50. Svoray T, Karnieli A (2011) Rainfall, topography and primary production relationships in a semiarid ecosystem. Ecohydrology 4:56–66CrossRefGoogle Scholar
  51. Swemmer AM, Knapp AK, Snyman HA (2007) Intra-seasonal precipitation patterns and above-ground productivity in three perennial grasslands. J Ecol 95:780–788CrossRefGoogle Scholar
  52. Thomey ML, Collins SL, Vargas R, Johnson JE, Brown RF, Natvig DO, Friggens MT (2011) Effect of precipitation variability on net primary production and soil respiration in a Chihuahuan Desert grassland. Global Change Biol 17:1505–1515CrossRefGoogle Scholar
  53. Throop HL, Reichmann LG, Sala OE, Archer SR (2012) Response of dominant grass and shrub species to water manipulation: an ecophysiological basis for shrub invasion in a Chihuahuan Desert Grassland. Oecologia 169:373–383CrossRefPubMedGoogle Scholar
  54. Wang H, Zhao WZ (2009) Change of soil physical properties in process of oasisization. J Desert Res 29:1109–1115Google Scholar
  55. Wang J, Rich PM, Price KP (2003) Temporal responses of NDVI to precipitation and temperature in the central great plains, USA. Int J Remote Sen 24:2345–2364CrossRefGoogle Scholar
  56. Wang M, Su Y, Yang R, Yang X (2013) Allocation patterns of above- and belowground biomass in desert grassland in the middle reaches of Heihe River, Gansu Province, China. Acta Phytoecol Sinica 37:209–219Google Scholar
  57. Xiao JF, Moody A (2004) Photosynthetic activity of US biomes: responses to the spatial variability and seasonality of precipitation and temperature. Global Change Biol 10:437–451CrossRefGoogle Scholar
  58. Yahdjian L, Sala OE (2006) Vegetation structure constrains primary production response to water availability in the patagonian steppe. Ecology 87:952–962CrossRefPubMedGoogle Scholar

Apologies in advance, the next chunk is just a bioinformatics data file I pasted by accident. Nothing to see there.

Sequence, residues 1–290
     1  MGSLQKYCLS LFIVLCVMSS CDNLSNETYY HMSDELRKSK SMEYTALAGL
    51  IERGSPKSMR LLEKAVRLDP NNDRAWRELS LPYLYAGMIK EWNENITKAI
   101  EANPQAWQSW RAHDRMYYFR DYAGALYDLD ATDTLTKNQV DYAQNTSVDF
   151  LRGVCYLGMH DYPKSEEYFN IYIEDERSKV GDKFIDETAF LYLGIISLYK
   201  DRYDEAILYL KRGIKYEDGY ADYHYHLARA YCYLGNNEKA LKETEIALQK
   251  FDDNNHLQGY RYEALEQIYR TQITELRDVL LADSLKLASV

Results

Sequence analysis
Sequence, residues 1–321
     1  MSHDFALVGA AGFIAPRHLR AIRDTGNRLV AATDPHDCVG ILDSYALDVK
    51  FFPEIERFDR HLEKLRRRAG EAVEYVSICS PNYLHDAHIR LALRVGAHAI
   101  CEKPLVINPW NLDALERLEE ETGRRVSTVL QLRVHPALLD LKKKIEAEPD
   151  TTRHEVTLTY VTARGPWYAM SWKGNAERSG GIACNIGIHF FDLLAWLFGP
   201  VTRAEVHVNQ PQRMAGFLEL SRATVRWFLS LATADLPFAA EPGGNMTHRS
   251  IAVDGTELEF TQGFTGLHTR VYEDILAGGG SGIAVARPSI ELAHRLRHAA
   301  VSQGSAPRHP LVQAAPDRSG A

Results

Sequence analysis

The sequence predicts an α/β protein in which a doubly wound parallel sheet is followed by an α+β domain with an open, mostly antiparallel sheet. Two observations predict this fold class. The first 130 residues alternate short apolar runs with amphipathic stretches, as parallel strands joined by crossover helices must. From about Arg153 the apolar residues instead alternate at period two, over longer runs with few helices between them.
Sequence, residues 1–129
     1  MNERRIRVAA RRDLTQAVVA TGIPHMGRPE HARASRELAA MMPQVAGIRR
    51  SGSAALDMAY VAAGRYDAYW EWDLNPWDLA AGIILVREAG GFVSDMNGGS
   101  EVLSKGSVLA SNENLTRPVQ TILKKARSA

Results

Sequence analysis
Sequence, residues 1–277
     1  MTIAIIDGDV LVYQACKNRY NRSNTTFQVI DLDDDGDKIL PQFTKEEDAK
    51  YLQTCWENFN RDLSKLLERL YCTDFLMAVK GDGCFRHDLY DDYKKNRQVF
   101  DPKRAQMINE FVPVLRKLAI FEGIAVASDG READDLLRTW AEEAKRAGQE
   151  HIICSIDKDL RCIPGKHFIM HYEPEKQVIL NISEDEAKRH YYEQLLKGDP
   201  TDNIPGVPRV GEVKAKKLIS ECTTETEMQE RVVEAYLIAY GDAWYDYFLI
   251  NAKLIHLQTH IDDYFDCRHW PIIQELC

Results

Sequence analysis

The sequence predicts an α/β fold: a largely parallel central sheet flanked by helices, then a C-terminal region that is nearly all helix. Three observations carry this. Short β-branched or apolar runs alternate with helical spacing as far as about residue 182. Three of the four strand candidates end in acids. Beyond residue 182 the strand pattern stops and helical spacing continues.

59. Yang H, Wu M, Liu W, Zhang ZHE, Zhang N, Wan S (2011) Community structure and composition in response to climate change in a temperate steppe. Global Change Biol 17:452–465CrossRefGoogle Scholar
  60. Zeppel M, Macinnis-Ng CMO, Ford CR, Eamus D (2007) The response of sap flow to pulses of rain in a temperate Australian woodland. Plant Soil 305:121–130CrossRefGoogle Scholar
  61. Zeppel MJB, Wilks JV, Lewis JD (2014) Impacts of extreme precipitation and seasonal changes in precipitation on plants. Biogeosciences 11:3083–3093CrossRefGoogle Scholar
  62. Zhang B, Zhang H, Zhang K, Zhang MJ, Lin Q, Lu AX, Guo ZG (2007) Study on spatial diversification of soil moisture content of oasis and oasis-desert ecotone in the middle reaches of the Heihe River. Geographical Res 26:321-327Zhang G, Zhang Y, Dong J, Xiao X (2013a) Green-up dates in the Tibetan Plateau have continuously advanced from 1982 to 2011. PNAS 110:4309–4314CrossRefGoogle Scholar
  63. Zhang G, Zhang Y, Dong J, Xiao X (2013a) Green-up dates in the Tibetan Plateau have continuously advanced from 1982 to 2011. PNAS 110:4309–4314CrossRefPubMedCentralPubMedGoogle Scholar
  64. Zhang Y et al (2013b) Extreme precipitation patterns and reductions of terrestrial ecosystem production across biomes. J Geophys Res 118:148–157CrossRefGoogle Scholar
  65. Zhao W, Liu B (2010) The response of sap flow in shrubs to rainfall pulses in the desert region of China. Agr Forest Meteorol 150:1297–1306CrossRefGoogle Scholar
  66. Zhao W, Liu H (2011) Precipitation pulses and ecosystem responses in arid and semiarid regions: a review. The J of Appl Ecol 22:243–249CrossRefGoogle Scholar
  67. Zhou H, Zheng X-J, Tang L-S, Li Y (2013) Differences and similarities between water sources of Tamarix ramosissima, Nitraria sibirica and Reaumuria soongorica in the southeastern Junggar Basin. Chinese J of Plant Ecol 37:665–673CrossRefGoogle Scholar

Copyright information

© The Botanical Society of Japan and Springer Japan 2014

Authors and Affiliations

  1. 1.Linze Inland River Basin Research Station, Key Laboratory of Inland River Basin Ecohydrology, Cold and Arid Regions Environmental and Engineering Research InstituteChinese Academy of SciencesLanzhouChina

Personalised recommendations